“Foxes of the Desert” Stadium is, pardon our language, a really cool name. And it’s a unique stadium too, partly due to the place where it was built.
First let’s get one thing out of the way: it’s the smallest and cheapest stadium nominated this year. With just 12,346 seats, cost of under $9 million and issues during construction it might not seem impressive at first sight, but wait before you cast your vote in this year’s Stadium of the Year!
Because Estadio Zorros del Desierto has a lot to speak for it, paradoxically. Sure, its barely covered concrete structure is very rough, but so is the city of Calama. After all, you don’t get the nickname “El Infierno” for nothing. It’s one of the hottest and driest places to play football in, located over 2,000 meters above sea level! In a place like this you almost need a stadium with a rough touch to it.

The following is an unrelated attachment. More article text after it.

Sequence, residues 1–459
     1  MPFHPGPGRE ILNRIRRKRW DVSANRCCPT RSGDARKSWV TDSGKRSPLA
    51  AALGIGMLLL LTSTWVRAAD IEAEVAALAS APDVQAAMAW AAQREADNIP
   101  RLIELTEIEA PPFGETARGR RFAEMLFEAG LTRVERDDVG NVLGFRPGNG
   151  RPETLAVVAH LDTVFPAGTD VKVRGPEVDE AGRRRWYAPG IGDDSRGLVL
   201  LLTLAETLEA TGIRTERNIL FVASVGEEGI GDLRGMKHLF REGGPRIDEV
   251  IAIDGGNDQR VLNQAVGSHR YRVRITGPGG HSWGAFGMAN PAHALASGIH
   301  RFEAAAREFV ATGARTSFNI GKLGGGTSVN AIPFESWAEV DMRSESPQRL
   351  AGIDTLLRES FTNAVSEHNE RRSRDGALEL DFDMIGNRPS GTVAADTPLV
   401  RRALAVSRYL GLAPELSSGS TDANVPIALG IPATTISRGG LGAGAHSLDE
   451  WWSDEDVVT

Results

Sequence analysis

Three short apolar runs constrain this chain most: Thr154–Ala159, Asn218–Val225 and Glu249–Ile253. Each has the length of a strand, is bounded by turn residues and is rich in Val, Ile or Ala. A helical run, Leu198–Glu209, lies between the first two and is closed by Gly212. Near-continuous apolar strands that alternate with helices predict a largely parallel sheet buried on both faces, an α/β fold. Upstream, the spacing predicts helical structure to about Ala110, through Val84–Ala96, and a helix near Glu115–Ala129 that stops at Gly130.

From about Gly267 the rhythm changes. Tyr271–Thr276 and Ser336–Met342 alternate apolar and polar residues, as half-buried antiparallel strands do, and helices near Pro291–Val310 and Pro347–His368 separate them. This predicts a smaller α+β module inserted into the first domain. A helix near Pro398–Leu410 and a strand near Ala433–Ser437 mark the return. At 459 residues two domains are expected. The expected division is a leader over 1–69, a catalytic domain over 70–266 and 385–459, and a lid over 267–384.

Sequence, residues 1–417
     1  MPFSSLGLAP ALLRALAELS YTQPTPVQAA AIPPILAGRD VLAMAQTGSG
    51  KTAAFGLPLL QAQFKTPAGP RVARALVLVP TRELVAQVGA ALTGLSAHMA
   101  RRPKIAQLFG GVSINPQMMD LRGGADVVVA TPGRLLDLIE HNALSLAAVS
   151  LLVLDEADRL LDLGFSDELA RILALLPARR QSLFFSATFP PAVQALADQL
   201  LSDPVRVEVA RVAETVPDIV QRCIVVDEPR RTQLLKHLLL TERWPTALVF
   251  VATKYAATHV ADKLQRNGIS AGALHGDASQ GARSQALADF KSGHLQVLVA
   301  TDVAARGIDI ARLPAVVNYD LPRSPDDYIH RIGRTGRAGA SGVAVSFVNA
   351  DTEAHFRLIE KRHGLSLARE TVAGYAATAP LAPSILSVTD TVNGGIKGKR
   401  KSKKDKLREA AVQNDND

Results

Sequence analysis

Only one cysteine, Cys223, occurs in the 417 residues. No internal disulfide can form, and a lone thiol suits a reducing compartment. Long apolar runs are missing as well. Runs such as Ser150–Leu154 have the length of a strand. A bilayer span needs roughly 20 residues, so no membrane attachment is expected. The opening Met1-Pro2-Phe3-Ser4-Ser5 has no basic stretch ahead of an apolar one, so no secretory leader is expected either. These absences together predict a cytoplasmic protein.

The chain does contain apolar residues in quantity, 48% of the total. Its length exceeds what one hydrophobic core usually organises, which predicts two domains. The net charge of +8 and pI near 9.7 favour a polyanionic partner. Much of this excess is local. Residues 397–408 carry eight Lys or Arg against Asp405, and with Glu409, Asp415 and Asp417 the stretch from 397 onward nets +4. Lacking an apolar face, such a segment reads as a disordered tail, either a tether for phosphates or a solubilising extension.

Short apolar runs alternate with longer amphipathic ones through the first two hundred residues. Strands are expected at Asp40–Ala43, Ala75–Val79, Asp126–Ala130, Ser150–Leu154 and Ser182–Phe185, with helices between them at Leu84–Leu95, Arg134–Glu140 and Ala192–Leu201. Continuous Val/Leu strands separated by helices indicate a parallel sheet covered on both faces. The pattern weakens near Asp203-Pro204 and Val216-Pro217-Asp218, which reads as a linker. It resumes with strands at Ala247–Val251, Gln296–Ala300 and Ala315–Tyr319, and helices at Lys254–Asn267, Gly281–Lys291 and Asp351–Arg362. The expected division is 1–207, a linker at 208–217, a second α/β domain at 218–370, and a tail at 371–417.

Especially that in Calama the building was well thought through. Medium and cost-effective stands were a must, but what covers them is the added value of this stadium.
Brown steel frame wrapped in brownish mesh creates a modern appearance, while paying tribute to the city’s copper industry. The “skin” spans above the side stands to create cover from sun. No opaque roof though, not needed in a place where it never rains.
Simple, modern and raw, this stadium is entirely sufficient in terms of local football demand and seems to be very well tied with local identity. Copper aside (if possible when the home team is named after copper), the name Estadio Zorros del Desierto refers to rare kind of desert foxes seen locally.